My ooonnnly complaint is that because of one “little” thing that happens later in the book, I am left thinking that a character was placed in there simply to be a plot device right at the end. But really, this is a minor complaint.
I. LOVE. CROAK. The town, the people, the places that Lex encounters on her journey. You are pulled straight into the locale and meet such an awesome set of characters. You learn all sorts of things about Croak functions, from what (and how much) to order at the local hangouts, to the particular responsibilities of its citizens, to the way things “hang” in the Afterlife. You visit the mayor’s house as well as the local bank. In addition, you find out what happens to tourists who happen upon the streets of Croak. Then, via a certain mode of transportation, you are taken out of Croak and the settings remain no less intriguing. One scene in the book that stands me is a certain trip that would have my fear of heights screaming. Every part of the story has some quirky fact involved, little is left unexplained. Because of this, I felt as drawn into Croak as I did the most mysterious parts of Hogwarts castle. Only I would rather go to Croak.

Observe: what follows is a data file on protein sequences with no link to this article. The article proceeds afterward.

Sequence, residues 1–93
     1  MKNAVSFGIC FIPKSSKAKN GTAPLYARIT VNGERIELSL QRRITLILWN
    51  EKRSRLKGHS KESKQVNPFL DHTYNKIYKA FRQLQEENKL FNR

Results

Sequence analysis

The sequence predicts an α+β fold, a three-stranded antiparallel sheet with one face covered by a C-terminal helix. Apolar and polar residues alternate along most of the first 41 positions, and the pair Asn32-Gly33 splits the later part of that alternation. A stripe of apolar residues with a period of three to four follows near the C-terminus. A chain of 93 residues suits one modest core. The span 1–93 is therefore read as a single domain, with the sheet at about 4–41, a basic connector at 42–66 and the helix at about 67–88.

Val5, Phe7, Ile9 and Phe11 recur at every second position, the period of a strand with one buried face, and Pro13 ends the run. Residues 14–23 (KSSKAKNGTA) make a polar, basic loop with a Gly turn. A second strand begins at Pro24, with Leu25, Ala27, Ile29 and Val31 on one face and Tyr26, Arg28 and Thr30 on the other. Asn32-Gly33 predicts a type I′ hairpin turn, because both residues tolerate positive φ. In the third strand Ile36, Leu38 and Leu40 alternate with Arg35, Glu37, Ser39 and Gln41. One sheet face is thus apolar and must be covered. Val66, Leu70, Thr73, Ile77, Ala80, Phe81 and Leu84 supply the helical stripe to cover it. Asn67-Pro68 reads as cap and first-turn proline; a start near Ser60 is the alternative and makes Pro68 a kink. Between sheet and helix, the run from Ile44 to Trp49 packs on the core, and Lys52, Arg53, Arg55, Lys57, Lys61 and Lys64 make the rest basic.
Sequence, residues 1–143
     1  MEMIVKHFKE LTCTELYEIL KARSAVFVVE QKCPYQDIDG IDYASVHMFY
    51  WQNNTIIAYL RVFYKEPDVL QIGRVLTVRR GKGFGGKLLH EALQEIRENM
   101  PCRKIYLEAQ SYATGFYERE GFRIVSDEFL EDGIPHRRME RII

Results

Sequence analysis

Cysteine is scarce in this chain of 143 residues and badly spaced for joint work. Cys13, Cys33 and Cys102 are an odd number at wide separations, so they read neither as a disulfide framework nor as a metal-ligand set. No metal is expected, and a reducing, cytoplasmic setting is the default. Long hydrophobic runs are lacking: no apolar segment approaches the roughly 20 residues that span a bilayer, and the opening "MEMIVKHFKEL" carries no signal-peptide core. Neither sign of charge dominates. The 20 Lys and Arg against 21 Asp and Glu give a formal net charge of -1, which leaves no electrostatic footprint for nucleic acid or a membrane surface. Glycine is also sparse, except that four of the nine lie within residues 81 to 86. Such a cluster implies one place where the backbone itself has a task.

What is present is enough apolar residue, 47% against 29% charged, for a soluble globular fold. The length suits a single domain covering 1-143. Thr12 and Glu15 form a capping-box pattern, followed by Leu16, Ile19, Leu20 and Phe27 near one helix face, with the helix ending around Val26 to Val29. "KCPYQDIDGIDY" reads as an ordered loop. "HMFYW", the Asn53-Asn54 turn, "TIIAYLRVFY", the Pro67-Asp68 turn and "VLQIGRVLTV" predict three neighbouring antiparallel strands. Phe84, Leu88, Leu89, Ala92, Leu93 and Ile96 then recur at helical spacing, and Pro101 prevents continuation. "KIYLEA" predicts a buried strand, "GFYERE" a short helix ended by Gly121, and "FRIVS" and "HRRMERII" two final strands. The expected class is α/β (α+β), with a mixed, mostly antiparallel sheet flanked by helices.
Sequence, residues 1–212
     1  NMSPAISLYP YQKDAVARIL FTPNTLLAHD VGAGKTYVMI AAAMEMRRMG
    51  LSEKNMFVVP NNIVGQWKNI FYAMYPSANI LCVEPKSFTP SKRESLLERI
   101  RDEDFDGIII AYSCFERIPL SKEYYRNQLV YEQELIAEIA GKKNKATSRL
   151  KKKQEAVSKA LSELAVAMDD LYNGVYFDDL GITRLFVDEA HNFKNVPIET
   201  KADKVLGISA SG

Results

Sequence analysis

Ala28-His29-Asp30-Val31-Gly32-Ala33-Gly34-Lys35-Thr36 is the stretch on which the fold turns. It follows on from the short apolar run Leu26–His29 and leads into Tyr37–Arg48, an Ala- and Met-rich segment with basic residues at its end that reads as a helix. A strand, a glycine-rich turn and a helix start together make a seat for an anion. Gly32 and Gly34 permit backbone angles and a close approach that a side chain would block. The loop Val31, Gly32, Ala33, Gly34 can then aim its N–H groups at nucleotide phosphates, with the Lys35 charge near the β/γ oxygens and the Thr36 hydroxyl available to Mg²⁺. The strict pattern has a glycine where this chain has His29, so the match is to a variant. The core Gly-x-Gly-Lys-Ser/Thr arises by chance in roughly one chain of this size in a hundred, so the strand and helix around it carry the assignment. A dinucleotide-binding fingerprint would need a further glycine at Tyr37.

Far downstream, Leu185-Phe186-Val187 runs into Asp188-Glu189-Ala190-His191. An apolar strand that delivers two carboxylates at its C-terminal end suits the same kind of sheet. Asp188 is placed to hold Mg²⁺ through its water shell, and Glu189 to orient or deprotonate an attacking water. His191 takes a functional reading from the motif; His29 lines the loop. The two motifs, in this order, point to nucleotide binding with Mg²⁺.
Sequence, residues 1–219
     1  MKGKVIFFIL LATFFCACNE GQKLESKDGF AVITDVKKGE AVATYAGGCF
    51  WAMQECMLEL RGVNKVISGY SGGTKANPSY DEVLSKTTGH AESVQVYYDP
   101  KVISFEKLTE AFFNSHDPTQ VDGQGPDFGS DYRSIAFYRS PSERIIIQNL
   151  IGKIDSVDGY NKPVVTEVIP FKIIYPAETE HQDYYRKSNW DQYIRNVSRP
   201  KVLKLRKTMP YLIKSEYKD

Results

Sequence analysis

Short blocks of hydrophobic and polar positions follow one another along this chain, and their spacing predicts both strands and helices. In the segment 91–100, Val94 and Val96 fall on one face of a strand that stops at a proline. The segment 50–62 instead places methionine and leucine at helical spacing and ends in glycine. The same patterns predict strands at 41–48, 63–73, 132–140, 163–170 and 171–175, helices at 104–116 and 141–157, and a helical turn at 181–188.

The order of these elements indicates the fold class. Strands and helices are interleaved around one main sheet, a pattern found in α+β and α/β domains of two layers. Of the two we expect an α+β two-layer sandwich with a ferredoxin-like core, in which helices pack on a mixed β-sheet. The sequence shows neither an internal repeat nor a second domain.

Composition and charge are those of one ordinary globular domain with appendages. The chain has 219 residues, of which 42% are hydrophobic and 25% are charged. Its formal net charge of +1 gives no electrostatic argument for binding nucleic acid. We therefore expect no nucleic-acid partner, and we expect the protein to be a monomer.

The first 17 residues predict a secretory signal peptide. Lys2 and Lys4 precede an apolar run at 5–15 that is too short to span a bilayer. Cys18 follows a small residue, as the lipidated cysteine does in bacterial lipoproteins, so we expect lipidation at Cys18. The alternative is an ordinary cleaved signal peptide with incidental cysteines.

You jump into Lex’s life with a bang, and then taken on a wild ride to Croak on the seat of a motorcycle. From the minute Lex reaches Croak, there are so many people to meet and so many things to do that the book never really takes the time to slow down. And this is a good thing. I love it when humor comes at you in little blasts as you read a story that also has great substance to it. The first half is mostly spent learning about the world of Croak and Lex’s duties as a Grim. Yet all the while you know that something just ain’t right as the mystery sets itself into the story. The book also ends with a great big bang as you experience an IN YO’ FACE moment right near the end. You don’t have much of a chance to catch your breath before the story is over and you’re left gasping for book 2. I have no complaints about the pacing. It was spot on. Now I want more Croak.
Gina is a master at slapstick, using her words to create humorous scenes and witty dialogue. She is also adept at creating a scene so that the reader can visualize and feel part of it. She knows when to throw in the silliness, and when to keep it at a minimum. She also knows how to put certain… words… into certain kid’s mouths. Considering that this book is rated 12 and up, I had to take a few points off for the (at times) excessive cursing. (Ah! There’s the prude mommy emerging again!)
If you’re expecting a story with deep themes and poetic prose, you’re barking up the wrong tree with this one (and it ain’t the Ghost Gum Tree either). Although Croak is a fairly dark story at it’s core, and the events that play out are full of heart; as a whole Croak is simply a funny story that will take you to a place you probably couldn’t even begin to imagine on your own. I can’t wait for book 2, SCORCH, to be released!
(HAHAHA! I just saw a commercial for Titanic in 3D! I know a certain character who would LOVE that!)
Yup. My excitement over a commercial for Titanic (of all things) sealed the deal.
This book is AWESOME.